Hey, California! Are you ready to soft rock!?
That is the question asked by FM, a movie about rock that tries to stick it to the man with some of the safest, least revolutionary music ever recorded.
FM is centered around Q-Sky, an FM radio station in Los Angeles. Because the laid back station manager (Michael Brandon) allows his DJs to program their own music with little commercial interruption, Q-Sky has become one of the most popular radio stations in California. The corporate suits, though, demand that Q-Sky play less music and air more commercials, especially one that is specifically designed to get mellow Californians to join the Army. When Brandon refuses, he is fired. Outraged, Q-Sky’s motley crew of DJs (who include Martin Mull, Cleavon Little, Eileen Brennan, and even former football great Alex Karras) barricade themselves in the station and lead a protest by playing their music without commercials.
That would all be well and good except that the DJs spend most of their time playing songs by such noted rockers as Jimmy Buffett, Billy Joel, and REO Speedwagon. A major set piece of the film is Q-Sky’s attempt to secretly broadcast a Linda Ronstadt concert that is being sponsored by a rival station. At a time when Johnny Rotten was still singing Anarchy in the UK, Q-Sky’s idea of rebellion was to go from Bob Seger to James Taylor with limited commercial interruption.
The always reliable Martin Mull is always good for some laughs and this was the only movie directed by award-winning cinematographer John A. Alonzo so, if nothing else, FM always looks good. With its ensemble cast and episodic narrative, FM tries hard to be an Altmanesque satire but, ultimately, it fails because the revolution is not going to sound like The Doobie Brothers.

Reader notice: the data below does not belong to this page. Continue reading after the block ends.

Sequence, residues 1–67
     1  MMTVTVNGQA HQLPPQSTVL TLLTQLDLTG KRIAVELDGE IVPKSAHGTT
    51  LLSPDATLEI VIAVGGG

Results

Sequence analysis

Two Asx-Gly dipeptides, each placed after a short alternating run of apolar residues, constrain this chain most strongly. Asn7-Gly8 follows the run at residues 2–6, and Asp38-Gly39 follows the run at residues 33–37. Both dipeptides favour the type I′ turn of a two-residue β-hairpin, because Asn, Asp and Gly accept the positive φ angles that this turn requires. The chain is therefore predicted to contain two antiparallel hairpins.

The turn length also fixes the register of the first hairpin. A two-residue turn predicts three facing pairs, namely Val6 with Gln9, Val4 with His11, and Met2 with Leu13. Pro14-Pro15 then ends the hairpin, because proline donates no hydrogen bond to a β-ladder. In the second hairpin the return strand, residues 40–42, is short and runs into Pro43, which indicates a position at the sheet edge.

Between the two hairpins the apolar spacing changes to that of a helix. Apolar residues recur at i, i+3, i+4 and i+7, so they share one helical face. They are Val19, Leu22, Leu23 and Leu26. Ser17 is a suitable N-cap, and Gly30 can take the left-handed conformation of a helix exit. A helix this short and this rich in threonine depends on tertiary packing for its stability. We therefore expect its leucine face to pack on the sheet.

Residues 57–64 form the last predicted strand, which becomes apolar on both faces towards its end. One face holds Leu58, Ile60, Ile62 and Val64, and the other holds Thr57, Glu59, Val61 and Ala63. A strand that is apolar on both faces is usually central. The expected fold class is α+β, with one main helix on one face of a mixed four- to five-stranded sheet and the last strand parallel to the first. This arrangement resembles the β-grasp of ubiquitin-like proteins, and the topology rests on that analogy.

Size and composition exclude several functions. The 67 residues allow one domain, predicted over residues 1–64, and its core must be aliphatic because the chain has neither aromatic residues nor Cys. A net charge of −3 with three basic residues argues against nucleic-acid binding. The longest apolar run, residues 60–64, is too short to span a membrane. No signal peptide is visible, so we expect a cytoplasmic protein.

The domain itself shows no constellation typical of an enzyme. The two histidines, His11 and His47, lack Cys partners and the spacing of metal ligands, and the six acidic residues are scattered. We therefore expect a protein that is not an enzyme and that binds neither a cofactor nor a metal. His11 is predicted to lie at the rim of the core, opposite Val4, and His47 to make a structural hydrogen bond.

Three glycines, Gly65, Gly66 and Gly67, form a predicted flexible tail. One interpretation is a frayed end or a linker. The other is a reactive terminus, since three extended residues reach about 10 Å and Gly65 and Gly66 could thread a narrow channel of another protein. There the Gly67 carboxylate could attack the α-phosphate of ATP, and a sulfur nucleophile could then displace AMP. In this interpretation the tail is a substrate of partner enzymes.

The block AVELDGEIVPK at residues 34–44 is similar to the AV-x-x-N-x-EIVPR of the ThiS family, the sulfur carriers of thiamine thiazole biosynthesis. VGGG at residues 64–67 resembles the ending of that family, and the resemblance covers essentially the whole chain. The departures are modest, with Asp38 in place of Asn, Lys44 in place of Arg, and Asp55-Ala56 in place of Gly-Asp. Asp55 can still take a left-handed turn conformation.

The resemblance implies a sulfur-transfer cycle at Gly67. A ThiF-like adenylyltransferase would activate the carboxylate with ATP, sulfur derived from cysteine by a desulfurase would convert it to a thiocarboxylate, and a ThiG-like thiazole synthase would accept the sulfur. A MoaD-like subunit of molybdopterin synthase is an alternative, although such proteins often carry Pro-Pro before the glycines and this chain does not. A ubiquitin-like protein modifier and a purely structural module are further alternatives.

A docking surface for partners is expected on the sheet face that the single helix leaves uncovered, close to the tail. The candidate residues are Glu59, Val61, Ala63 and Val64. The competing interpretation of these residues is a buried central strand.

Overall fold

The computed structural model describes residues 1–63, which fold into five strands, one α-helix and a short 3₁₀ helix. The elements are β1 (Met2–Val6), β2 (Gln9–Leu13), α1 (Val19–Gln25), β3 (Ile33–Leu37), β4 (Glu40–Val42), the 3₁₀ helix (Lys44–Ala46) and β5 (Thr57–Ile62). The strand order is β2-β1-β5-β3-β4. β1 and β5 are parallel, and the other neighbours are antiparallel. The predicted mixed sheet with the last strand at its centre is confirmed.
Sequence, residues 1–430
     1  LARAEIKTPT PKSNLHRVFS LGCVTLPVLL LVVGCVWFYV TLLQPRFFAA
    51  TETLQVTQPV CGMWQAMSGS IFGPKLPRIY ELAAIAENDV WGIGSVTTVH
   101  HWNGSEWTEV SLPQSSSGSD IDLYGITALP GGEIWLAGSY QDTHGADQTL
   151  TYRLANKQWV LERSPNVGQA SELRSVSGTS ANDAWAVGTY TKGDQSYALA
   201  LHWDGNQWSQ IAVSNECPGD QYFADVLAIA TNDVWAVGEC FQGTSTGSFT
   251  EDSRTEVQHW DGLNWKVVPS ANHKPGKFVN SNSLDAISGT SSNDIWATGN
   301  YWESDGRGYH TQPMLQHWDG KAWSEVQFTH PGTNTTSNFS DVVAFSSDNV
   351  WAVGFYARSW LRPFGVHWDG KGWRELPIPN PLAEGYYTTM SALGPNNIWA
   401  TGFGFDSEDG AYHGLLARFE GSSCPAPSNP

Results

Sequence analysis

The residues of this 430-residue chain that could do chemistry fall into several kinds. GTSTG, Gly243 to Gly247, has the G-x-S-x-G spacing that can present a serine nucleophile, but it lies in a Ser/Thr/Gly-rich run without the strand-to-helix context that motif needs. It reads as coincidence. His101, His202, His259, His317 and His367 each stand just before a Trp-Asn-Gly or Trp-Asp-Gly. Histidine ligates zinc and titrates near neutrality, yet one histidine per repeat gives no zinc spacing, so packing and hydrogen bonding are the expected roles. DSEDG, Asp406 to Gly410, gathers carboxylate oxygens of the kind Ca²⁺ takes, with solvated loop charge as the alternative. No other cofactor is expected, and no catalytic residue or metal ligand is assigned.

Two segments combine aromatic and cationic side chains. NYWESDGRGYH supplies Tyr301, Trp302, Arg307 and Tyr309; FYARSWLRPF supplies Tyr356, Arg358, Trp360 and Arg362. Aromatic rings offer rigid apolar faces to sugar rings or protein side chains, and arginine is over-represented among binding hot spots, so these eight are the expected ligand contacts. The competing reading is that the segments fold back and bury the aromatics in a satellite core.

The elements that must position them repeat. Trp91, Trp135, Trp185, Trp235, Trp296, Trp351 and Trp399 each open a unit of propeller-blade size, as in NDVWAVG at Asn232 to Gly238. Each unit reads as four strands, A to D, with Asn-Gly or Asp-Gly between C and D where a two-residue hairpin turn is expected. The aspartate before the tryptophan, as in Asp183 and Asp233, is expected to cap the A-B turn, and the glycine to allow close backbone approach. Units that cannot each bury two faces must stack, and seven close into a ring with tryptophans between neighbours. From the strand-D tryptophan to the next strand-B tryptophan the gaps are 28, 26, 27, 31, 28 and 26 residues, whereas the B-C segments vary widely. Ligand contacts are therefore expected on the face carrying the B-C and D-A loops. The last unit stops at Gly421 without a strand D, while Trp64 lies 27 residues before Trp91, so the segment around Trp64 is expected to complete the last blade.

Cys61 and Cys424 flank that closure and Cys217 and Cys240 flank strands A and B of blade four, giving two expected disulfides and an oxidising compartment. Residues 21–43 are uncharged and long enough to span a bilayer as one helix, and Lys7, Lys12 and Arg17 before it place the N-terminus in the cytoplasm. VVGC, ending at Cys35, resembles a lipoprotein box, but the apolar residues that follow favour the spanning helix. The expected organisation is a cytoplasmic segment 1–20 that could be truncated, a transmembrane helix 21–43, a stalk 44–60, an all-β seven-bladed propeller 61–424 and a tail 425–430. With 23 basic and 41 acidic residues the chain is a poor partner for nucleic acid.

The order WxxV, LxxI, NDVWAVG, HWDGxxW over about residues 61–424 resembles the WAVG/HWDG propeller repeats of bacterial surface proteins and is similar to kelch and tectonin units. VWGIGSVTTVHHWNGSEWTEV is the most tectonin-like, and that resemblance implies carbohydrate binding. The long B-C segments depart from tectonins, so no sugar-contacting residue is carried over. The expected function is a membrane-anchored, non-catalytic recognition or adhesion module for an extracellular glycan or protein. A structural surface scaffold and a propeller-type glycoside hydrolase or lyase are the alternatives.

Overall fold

(Even though The Doobie Brothers clearly rock.)
“Who likes The Doobie Brothers?”
Because Michael Brandon looked like Gary Sandy and Martin Mull possessed a passing resemblance to Howard Hesseman, some reference books state that FM was the inspiration for WKRP in Cincinatti. However, the first season of WKRP was already in production before FM was released to theaters and FM was such a financial flop that it is doubtful it inspired anything.
Add to that, while Venus Flytrap probably could have made it work, Dr. Johnny Fever would never have fit in at Q-Sky. Johnny’s frequent acid flashbacks would have unnerved the mellow Q-Sky vibes. Herb Tarlek, on the other hand…
“It must be a struggle to match the belt with the shoes.”
“Sometimes, I can’t do it.”